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What restaurants need to know about new maple-syrup grading system

What restaurants need to know about new maple-syrup grading system

A prized ingredient might get more plentiful; Hard Rock Cafe courts kids; plus more recent trends • See more Trends

Chefs, pastry chefs, mixologists, be aware of big changes on the horizon for one of most flavorful—and expensive—ingredients you use: maple syrup.

On Jan. 1, 2015, the International Maple Syrup Institute will introduce a new grading system that replaces the current Grade A/Grade B method (the much lighter and delicate Grade A is great for cocktails; darker and more flavorful Grade B is preferred for many other cooking and dessert-making uses). Now there will be four grades: Golden, Amber, Dark and Very Dark.

Photo: Thinkstock

On the supply front, the future for maple syrup looks blindingly bright. Scientists at the University of Vermont’s Proctor Maple Research Center have developed a method that can produce syrup from saplings instead of fully mature trees. Yields from densely planted saplings can reach 300 gallons per acre; mature trees yield just 40 gallons per acre. Saplings start producing syrup seven years after they are planted, trees require 40 years to do the same.

There’s still plenty of memorabilia to look at and hip tunes to listen to for adults who visit a Hard Rock Cafe. But features with kid appeal have been in short supply—until now.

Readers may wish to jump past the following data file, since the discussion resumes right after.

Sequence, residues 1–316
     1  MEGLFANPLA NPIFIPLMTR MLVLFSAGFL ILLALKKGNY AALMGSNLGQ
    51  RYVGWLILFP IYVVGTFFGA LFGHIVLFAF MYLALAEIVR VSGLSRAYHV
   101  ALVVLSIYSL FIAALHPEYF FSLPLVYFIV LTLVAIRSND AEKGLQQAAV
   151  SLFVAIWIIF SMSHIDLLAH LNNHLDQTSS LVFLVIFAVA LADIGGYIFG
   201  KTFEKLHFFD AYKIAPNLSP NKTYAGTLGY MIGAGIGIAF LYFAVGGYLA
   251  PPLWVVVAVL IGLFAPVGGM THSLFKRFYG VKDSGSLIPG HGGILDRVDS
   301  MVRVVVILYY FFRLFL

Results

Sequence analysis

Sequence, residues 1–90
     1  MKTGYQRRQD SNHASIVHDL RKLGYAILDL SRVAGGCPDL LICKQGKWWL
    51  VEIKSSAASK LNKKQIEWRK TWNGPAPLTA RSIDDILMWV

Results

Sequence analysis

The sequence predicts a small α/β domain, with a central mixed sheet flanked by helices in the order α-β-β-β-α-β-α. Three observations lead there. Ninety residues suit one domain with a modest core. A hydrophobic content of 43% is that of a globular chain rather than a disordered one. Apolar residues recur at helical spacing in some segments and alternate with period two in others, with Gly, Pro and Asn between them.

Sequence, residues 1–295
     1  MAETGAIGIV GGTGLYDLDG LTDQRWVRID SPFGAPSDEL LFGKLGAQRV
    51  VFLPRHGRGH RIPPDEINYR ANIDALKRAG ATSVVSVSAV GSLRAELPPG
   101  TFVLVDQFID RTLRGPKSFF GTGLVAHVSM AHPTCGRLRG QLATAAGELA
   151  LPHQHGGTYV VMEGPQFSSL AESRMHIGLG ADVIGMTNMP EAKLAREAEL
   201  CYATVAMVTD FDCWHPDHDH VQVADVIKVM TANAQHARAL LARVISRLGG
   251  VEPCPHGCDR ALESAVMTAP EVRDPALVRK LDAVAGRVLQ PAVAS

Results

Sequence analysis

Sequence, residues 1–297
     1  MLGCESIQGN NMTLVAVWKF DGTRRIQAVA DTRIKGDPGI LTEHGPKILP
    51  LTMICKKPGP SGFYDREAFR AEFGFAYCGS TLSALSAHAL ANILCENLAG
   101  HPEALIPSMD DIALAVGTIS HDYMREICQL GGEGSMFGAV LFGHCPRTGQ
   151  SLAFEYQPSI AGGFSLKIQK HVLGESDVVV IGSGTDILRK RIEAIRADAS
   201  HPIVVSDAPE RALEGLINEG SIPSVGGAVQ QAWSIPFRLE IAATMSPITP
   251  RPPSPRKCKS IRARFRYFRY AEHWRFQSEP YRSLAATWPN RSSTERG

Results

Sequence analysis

Growth has been tough to come by in the casual dining segment of late, and 144-unit Hard Rock thinks appealing to families is one way to find it. Meet the Hard Rock Roxtars, a band of five musical characters designed to “allow the brand to connect with future and veteran rockers alike.”

The Hard Rock Roxtars will cater to an untapped market of decision makers: kids,” says John Galloway, the company’s chief marketing officer.

Among the amenities: Hard Rock Roxstars activity books, guitar-shaped plates and photo ops with the Roxstars characters. A special Hard Rock Roxtars menu has been vetted by the National Restaurant Association’s Kids LiveWell program to ensure plenty of healthy options. Among the entrees: a “Not-so-diddley” chicken breast and “Twisted ‘n Tasty Cavatappi.”

Data determine America's best burrito

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After analyzing data describing burritos from 67,000-plus restaurants and paying visits to all 64 finalists, data whiz Nate Silver’s FiveThirtyEight has come up with a winner for its America’s Best Burrito contest: San Francisco’s La Taqueria.

In the end, technique mattered most. “This burrito’s construction sets it apart,” wrote chief field tester Anna Maria Barry-Jester of La Taqueria’s entry. “Like many Mission Street burritos, it’s prepared assembly line-style; the sour cream is added liberally from a squirt bottle, guacamole comes by the spoonful from an enormous metal bowl, pico de gallo and all its juices are added at the end. But unlike at other taquerias, each ingredient keeps its juices, making this burrito saucy in form and personality (the absence of rice also makes it noteworthy among its neighbors).” Another key: La Taqueria serves this burrito dorado-style, i.e., grilled.